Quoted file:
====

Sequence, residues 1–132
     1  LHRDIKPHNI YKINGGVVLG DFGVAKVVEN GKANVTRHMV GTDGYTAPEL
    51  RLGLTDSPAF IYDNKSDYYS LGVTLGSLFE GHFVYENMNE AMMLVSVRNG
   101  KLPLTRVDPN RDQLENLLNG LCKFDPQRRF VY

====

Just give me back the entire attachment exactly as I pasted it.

Sequence, residues 1–132
     1  LHRDIKPHNI YKINGGVVLG DFGVAKVVEN GKANVTRHMV GTDGYTAPEL
    51  RLGLTDSPAF IYDNKSDYYS LGVTLGSLFE GHFVYENMNE AMMLVSVRNG
   101  KLPLTRVDPN RDQLENLLNG LCKFDPQRRF VY